b.5 November 1907 d.23 May 1982
BSc Wales(1926) MB BCh(1929) MB BS Lond(1931) MD(1933) MRCP(1935) FRCP(1967)
Ernest Hywel Evans was born in Cardiff, the son of David Evans, professor of music at University College Cardiff, and his wife Mary, an accomplished violinist and singer, daughter of Richard Thomas, a steel worker. He was educated at New College School, Oxford, Cardiff High School and University College Cardiff, pursuing his clinical studies at University College Hospital, London. He qualified MB BCh (Wales) in 1929 and held house posts at Cardiff Royal Infirmary from 1929 to 1930, becoming a demonstrator in pathology and bacteriology at the Welsh National School of Medicine in 1931, and assistant to the professor of medicine from 1932 to 1934.
In 1937 he entered general practice at Hastings, becoming physician to the Buchanan Hospital, St Leonards-on-Sea, and to the East Sussex Hospital, Hastings. During the second world war he served in the RAMC as medical specialist, and later as officer commanding a medical division. He saw service in Malta, Palestine, and North Africa, subsequently serving under Brigadier Max (later Lord) Rosenheim in Sicily and Italy. He was proud of being able to look after Max when he was ill, and they always remained firm friends. He later joined the RAMC Territorial Army, gaining the TD, and retired with the rank of colonel.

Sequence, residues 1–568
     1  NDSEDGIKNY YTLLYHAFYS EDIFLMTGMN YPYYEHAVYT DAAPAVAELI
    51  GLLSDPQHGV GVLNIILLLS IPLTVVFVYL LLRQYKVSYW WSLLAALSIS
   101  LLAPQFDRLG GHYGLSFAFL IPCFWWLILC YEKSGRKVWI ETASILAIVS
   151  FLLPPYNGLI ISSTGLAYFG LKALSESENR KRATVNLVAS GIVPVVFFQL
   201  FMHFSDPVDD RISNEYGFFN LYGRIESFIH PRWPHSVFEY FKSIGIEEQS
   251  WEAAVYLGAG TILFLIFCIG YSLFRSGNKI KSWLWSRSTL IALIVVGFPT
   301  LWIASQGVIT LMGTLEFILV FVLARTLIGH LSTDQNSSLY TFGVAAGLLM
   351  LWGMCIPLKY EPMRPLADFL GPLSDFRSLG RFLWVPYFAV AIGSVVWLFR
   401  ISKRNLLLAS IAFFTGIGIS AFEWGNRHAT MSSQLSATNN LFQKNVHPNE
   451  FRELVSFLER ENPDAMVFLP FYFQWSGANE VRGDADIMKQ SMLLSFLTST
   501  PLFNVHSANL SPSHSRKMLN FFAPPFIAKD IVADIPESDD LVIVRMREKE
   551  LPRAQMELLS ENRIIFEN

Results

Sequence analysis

In 1947 he was appointed physician in acute medicine to Glamorgan County Council. With the implementation of the National Health Service in 1948 he became consultant physician to the Rhondda HMC and to the advisory committee of the Welsh Hospital Board. From 1948 to 1973 he was a member of the medical panel of the Medical Appeals Tribunal, Wales. He was a fellow of the Royal Society of Medicine, president of the Rhondda Medical Society from 1955-56, and president of the Society of Physicians of Wales, 1958. He played a large part in the development of medical services in the Rhondda, and was elected an honorary fellow of the Rhondda Medical Society shortly before his death.
In 1939 he married Mary Margaret Mackenzie (Mac), who was also a doctor and daughter of Edgar Llewellyn, a general practitioner in Cardiff. They had two children, a son and a daughter, Sarah, who became medically qualified.
He was a man of much energy and enthusiasm, devoted to his work; always ready to add extra sessions to his already heavy work load. He had a keen intellect and a marked sense of humour, being forthright when necessary but devoid of malice, though he would not tolerate any petty bickering between his consultant colleagues. He was an accomplished pianist and music was a source of great pleasure to him all his life. In his beautiful home at Cyncoed, Cardiff, his musical evenings had the character of ‘master classes’.
His family life was especially happy, his wife and children being devoted to him and sharing his love of music. They enjoyed entertaining, his wife being an excellent cook and he being an expert on wines, of which he had a good store. He read widely and enjoyed foreign travel. His hobbies included hockey, playing for Cardiff University College and the County, and sailing. He also qualified as a pilot after the war.
Sir Gordon Wolstenholme
[Brit.med.J., 1982, 285, 67-68]
(Volume VII, page 180)
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